This week we’re looking at online magazines—quarterlies, monthlies, and everything in between. Let’s see what parameters must be taken into consideration when publishing on the web while maintaining that editorial feel.
Designs of the Week
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Typewriter text, filtered photographs, and Didone headings all come together for to create that minimal, vintage feel. I love how the text stays put as each “polaroid” scrolls upward, and then the whole page slides up to uncover the next one. There’s also a couple of nice details when you hover on the tiny icons on the right side: you get information on the location, year, camera, and lens used for the photos.
Although there aren’t any unique layouts per article the diversity of photos keeps things interesting. Some articles have slideshows in them, and you’ll see each one stacked on top of the other unless you decide to view all of them in full screen. You can scroll one by one vertically, or check out the slide-out menus: table of contents on the right, categories on the left. It’s also interesting that the design mixes a narrow uppercase font with the serifs.
Love the repeating circular elements, from the logo, to the background illustration, to the avatars, to the bullet points.
Another very retro look, between the old baseball photos, the narrow article columns, and the typeface choices. The see-through bar containing the logo is another favorite trick these days.
There’s a simple homepage here, with full-width slider backgrounds and a list of issues. Inside you get a side menu for easy access to each article, past issues, and of course, search. What’s cool is when you hover on one you get a big title over the main viewport. Clicking on search produces an even larger, gigantic actually, search box.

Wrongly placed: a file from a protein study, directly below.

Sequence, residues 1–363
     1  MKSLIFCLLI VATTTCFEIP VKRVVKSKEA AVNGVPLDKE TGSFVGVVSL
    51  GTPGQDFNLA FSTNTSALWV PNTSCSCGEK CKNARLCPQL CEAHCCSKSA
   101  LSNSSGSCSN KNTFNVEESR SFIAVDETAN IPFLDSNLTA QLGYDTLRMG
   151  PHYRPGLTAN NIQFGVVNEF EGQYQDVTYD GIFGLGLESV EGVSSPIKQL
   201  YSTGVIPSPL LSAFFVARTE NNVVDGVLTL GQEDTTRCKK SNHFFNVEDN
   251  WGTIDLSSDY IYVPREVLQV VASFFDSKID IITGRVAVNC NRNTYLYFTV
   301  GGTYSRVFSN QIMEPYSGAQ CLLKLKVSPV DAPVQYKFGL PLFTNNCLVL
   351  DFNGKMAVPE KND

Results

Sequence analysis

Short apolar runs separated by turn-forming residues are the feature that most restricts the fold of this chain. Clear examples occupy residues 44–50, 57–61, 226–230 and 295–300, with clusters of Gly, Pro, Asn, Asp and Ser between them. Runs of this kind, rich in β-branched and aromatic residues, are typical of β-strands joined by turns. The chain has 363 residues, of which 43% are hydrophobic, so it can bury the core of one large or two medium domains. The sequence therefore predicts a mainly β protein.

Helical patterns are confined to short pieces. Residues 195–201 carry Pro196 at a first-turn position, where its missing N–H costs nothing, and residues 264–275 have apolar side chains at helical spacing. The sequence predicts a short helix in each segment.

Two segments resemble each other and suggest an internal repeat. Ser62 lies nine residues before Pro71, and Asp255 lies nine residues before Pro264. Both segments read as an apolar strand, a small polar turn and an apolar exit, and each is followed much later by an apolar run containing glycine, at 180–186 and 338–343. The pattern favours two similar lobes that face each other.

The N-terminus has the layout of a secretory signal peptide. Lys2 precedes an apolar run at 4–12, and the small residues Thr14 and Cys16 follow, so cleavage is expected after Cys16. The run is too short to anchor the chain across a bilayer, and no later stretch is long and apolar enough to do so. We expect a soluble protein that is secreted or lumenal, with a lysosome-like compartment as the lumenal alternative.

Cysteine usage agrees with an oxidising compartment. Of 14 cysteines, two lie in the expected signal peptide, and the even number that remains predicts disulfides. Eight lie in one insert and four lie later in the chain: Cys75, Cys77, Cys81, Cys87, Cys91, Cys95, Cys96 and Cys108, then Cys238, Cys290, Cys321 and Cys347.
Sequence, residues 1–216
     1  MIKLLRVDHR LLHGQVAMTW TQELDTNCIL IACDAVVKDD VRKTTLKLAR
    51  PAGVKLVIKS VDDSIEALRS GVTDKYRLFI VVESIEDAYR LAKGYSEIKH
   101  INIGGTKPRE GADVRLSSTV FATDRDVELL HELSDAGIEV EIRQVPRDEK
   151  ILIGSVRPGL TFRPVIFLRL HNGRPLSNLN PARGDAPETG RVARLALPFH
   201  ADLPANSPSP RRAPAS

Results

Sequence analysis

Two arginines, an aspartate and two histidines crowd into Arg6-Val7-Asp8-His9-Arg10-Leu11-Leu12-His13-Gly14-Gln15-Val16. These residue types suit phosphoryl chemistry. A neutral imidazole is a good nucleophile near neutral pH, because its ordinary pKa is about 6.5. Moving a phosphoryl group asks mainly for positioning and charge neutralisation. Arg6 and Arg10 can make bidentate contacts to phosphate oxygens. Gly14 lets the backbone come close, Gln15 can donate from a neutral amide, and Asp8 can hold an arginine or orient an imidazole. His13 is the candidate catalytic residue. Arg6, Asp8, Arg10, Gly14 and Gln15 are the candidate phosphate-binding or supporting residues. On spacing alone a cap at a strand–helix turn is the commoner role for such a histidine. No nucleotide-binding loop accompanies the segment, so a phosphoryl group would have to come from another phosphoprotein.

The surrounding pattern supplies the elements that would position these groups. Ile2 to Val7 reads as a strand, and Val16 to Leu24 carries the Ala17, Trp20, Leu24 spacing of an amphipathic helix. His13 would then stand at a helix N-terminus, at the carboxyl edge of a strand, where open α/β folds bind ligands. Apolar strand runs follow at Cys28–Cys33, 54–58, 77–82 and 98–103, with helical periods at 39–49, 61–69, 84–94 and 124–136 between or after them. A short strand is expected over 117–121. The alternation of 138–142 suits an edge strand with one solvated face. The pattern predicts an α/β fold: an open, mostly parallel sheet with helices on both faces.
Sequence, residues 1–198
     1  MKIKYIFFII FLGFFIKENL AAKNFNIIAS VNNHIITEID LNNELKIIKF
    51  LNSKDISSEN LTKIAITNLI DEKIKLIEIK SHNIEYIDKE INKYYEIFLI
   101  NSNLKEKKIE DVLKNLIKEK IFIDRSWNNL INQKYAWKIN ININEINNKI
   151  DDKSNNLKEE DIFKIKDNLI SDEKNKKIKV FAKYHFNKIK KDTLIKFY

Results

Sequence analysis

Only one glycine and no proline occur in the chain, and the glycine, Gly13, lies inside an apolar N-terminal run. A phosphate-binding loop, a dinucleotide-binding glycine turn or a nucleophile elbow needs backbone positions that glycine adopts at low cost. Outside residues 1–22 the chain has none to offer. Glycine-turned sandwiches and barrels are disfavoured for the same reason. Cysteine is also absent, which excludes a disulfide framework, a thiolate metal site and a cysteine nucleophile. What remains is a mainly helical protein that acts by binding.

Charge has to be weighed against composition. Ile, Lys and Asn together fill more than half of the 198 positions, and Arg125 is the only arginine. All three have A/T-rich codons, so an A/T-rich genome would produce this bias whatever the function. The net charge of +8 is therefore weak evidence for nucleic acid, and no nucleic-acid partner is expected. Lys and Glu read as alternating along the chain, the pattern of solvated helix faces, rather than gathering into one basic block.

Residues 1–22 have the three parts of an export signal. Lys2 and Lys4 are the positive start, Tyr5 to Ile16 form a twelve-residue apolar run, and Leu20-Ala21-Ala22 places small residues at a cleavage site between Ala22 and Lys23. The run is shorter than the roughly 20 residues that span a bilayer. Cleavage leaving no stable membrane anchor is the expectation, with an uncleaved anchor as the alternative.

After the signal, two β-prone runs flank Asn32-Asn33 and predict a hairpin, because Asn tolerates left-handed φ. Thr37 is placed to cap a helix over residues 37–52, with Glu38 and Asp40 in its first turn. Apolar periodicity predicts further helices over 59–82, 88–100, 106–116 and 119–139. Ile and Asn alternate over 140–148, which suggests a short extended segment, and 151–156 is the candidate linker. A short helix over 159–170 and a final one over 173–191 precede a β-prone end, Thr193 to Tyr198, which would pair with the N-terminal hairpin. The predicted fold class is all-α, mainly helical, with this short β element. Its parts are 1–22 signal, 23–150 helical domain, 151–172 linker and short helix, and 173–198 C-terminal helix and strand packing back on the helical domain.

Social Media Weekly
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Web Standards – Why I’m so excited about Web Platform Docs
“I absolutely love developing for the clientside of the web. Delivering the actual interactions and UI that all users feel is an absolutely gratifying experience. However… it’s not a piece of cake to develop for all desktop browsers, mobile browsers, and all the device/OS combinations within.”
CSS – Specificity Calculator
“A visual way to understand CSS specificity. Change the selectors or paste in your own.”
Responsive Web Design – Stop using the viewport meta tag (until you know how to use it)
“Lots of non-responsive websites are using the viewport tag without noticing how harmful it can be for the users, or they are using some of the viewport parameters “just because somebody copied and pasted them there”.”